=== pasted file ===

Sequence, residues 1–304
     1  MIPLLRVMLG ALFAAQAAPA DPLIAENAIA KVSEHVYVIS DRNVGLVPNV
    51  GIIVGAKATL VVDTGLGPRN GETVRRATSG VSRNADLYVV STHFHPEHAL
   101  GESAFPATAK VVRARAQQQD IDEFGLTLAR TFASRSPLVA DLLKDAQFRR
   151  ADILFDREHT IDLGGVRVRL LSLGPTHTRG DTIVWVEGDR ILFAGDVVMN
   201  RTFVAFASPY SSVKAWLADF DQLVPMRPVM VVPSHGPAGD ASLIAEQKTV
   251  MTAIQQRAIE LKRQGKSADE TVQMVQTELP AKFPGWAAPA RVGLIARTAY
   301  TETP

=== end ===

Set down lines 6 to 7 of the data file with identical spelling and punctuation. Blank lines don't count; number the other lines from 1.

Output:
   201  RTFVAFASPY SSVKAWLADF DQLVPMRPVM VVPSHGPAGD ASLIAEQKTV
   251  MTAIQQRAIE LKRQGKSADE TVQMVQTELP AKFPGWAAPA RVGLIARTAY